The business-critical data warehouse
How the data warehouse moved on from analytics and the role AI has played in accelerating this
Two years ago, in January 2022, I wrote an article titled We’ve only scratched the surface of the full potential for the data warehouse.
The article's main point is that the data warehouse's potential market size is 10-100x larger than it was then.
Although data moves fast, two years is not that long ago. The data warehouse was already well on the way to shifting from mainly being used for analytics and reporting to directly powering sales, operations, finance, and marketing. For example, marketing teams started using Hightouch to send lead lists to Marketo, and sales teams were moving to product-led sales motions where leads are scored and weighted in real time based on data in the data warehouse.
So, how has the role of the data warehouse changed going into 2024?
Despite a macroeconomic slowdown and tech valuations taking a hit, companies' investments in data warehouses kept increasing.
“Our revenue was $2.1 billion, $1.2 billion, and $592.0 million for the fiscal years ended January 31, 2023, 2022, and 2021” – Snowflake
“We crossed $1.5B revenue run rate at over 50% revenue year-over-year growth with the second quarter representing the strongest quarterly incremental revenue growth in Databricks’ history” – Databricks
For what it’s worth, people who predict numbers for a living estimate a compound annual growth rate (CAGR) of 22.7% during the forecast period spanning from 2023 to 2030.
In other words, the party is far from over for the data warehouse.
AI stole the show
While we saw more finance, sales, operations, and marketing use cases move to the data warehouse, AI and ML stole the show.
The best illustration is the chip maker NVIDIA, which grew revenue from $10.8 billion in 2020 to $26.9 billion in 2022 and tripled the stock price in the last 12 months.
While all the fuzz may be around LLMs and Gen AI, in my experience, many ML use cases are business-centric, old-school applications now accessible to more people.
These are systems such as a customer lifetime value (CLTV) model being used to more precisely predict the right amount of money to bid per customer for online ads or leads or churn scoring predictions used by sales teams. A significant portion of the ML workflow, such as data preparation, feature store building, and data quality monitoring and management, now more often happens in the data warehouse.
An example of a data warehouse-centric ML system
The increased demand for data warehouse-centric ML systems is a big deal for a few reasons:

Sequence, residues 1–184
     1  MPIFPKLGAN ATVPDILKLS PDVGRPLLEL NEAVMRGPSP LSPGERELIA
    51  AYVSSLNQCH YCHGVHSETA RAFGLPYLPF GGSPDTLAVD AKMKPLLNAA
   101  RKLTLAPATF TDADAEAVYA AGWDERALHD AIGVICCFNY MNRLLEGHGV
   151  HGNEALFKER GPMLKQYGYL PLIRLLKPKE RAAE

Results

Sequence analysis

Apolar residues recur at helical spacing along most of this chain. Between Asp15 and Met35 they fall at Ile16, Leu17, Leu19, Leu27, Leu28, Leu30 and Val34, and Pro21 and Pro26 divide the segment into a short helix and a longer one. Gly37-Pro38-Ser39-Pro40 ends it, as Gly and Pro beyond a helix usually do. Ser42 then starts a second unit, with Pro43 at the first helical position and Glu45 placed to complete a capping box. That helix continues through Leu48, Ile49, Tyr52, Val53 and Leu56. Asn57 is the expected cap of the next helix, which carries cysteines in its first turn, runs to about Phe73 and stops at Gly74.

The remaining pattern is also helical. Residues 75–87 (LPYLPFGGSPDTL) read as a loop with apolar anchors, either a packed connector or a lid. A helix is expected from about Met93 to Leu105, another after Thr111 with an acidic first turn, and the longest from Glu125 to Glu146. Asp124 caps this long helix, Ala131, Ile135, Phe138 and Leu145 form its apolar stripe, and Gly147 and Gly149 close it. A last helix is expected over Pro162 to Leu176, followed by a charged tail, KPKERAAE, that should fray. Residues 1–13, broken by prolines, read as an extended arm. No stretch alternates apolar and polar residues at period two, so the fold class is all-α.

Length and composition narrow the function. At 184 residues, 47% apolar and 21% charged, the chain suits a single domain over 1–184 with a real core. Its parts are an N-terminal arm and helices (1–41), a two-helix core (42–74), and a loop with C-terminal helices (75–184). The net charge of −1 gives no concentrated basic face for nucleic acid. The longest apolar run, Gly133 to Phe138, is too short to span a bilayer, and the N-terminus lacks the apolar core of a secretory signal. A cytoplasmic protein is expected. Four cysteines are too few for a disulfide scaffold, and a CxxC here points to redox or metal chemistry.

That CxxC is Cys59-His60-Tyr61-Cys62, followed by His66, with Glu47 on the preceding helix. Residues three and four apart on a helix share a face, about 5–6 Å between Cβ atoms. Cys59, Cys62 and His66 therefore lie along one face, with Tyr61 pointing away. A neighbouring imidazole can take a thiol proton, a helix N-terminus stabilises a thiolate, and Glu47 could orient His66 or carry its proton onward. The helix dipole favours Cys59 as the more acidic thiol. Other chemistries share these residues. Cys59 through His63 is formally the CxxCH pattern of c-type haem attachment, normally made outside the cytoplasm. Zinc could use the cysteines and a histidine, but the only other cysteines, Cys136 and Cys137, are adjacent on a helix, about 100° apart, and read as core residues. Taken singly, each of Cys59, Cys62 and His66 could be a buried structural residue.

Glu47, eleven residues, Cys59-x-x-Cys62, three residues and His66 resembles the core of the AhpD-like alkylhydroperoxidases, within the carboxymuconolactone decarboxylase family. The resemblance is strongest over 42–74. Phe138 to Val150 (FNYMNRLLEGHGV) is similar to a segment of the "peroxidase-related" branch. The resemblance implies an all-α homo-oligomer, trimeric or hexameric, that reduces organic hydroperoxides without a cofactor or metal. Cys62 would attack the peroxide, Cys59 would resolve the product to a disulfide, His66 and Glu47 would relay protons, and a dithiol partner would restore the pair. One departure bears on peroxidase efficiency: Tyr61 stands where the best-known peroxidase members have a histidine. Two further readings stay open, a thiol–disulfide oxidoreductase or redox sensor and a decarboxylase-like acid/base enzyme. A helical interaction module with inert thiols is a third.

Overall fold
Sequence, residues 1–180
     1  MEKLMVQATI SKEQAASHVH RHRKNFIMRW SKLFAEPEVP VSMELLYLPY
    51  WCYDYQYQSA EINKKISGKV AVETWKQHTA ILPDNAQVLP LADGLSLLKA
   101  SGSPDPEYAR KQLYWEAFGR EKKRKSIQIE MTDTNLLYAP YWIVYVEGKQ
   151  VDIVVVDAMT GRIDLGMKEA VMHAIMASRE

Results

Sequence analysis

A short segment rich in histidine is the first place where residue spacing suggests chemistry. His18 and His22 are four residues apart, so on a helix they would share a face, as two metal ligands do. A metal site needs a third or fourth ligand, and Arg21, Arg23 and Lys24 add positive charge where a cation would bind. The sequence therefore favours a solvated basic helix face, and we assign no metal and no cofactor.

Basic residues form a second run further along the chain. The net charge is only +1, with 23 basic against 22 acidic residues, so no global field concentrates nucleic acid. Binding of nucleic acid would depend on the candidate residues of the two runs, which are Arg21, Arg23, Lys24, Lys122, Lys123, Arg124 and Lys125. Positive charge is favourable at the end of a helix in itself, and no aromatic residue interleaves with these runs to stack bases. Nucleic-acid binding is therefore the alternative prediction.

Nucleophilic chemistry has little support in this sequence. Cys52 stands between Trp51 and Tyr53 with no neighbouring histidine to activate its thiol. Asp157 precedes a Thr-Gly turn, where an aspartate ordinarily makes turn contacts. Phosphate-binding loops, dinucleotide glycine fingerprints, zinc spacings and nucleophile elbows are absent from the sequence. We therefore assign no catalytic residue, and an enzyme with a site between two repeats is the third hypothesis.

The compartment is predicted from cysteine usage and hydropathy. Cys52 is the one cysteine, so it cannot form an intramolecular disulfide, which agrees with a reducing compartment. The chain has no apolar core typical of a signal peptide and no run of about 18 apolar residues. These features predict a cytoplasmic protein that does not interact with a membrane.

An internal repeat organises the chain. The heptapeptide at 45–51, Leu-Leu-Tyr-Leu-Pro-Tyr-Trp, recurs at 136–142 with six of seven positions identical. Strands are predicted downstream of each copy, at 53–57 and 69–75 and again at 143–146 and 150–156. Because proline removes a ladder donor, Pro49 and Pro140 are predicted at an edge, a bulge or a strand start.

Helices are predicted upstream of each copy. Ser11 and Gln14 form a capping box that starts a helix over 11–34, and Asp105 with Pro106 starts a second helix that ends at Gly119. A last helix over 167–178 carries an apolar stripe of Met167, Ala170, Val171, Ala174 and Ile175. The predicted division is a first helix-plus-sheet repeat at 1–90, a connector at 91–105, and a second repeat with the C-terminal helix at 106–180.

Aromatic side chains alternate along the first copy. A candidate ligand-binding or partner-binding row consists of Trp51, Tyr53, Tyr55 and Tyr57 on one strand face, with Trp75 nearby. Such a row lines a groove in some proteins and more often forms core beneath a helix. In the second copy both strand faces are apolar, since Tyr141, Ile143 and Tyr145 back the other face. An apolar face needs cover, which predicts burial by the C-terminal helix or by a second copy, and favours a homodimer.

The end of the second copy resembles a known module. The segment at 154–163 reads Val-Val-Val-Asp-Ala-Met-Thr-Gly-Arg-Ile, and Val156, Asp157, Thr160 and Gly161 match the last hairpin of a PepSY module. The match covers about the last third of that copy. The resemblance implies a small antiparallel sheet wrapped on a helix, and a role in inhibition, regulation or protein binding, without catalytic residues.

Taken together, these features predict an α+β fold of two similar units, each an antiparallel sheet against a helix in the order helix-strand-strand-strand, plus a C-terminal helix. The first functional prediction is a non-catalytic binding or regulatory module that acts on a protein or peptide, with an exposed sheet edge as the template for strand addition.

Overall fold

We’ve only tapped into single-digit percentage points of most companies' total opportunity for ML use cases.
70-80% of the ML workflow has been moved to the data warehouse, from data preprocessing, collection, and data quality management.
More people can participate in the ML workflow.
Searching on LinkedIn for the title “machine learning engineer” shows around 45,000 people worldwide, compared to millions of analysts. While this number may be off by orders of magnitude, it still holds that the number of people well-versed in the data warehouse, such as analysts, analytics engineers, data analysts, and some product managers, far exceeds the number of machine learning engineers with the experience required to build end-end systems from scratch.
What does this mean
Just because we see more demand and ROI from the data warehouse doesn’t mean it’s problem-free. Among the most common frustrations I hear from data teams is the sheer complexity of their data stack. It’s not uncommon for a team of 10-20 data people to have over a thousand data models (heck, Siemens has 85,000 models). These naturally build up over time as data-hungry stakeholders ask for more insights. This complexity makes it much more difficult to understand what’s happening and makes the data error-prone and less suitable for business-critical applications.
I’m seeing teams take these steps to address this.
Splitting the analytics and business-critical stack–the combination of the complexity of the analytics stack and the need for more reliable data has increasingly led teams to split their business-critical use cases. This often means a separate database or schema, a separate dbt project, and limits on who can contribute and make edits. While for analytics use cases, you may prefer fresh data with the downside that data may not be 100% accurate, when it comes to business-critical applications such as retraining an ML model or showing customer data on a shared portal, more often than not, companies value accuracy over freshness.
Increased focus on data quality–companies have an increased focus on data quality. dbt surveyed thousands of analytics engineers and found the area where most companies are looking to increase investment is data quality–the most popular area for future investment. This is also reflected in larger organizations moving to a quality-first mindset and adopting tools like dbt.
Data as a product–companies are looking for ways to measure the reliability and SLAs of their important data and are increasingly referring to these as data products. It’s no longer good enough with finger-in-the-air estimations of how data products are performing, but clear metrics on reliability broken down by areas such as timeliness, completeness, and accuracy are becoming more sought after.
The good news is that, by and large, this makes it more exciting to work in a data role. Your work has a more direct business impact, and external mandates on reliability mean that you can take your time to build more robust products instead of throwing spreadsheets over the wall, and all of this is likely here to stay.
If you have some thoughts, let me know!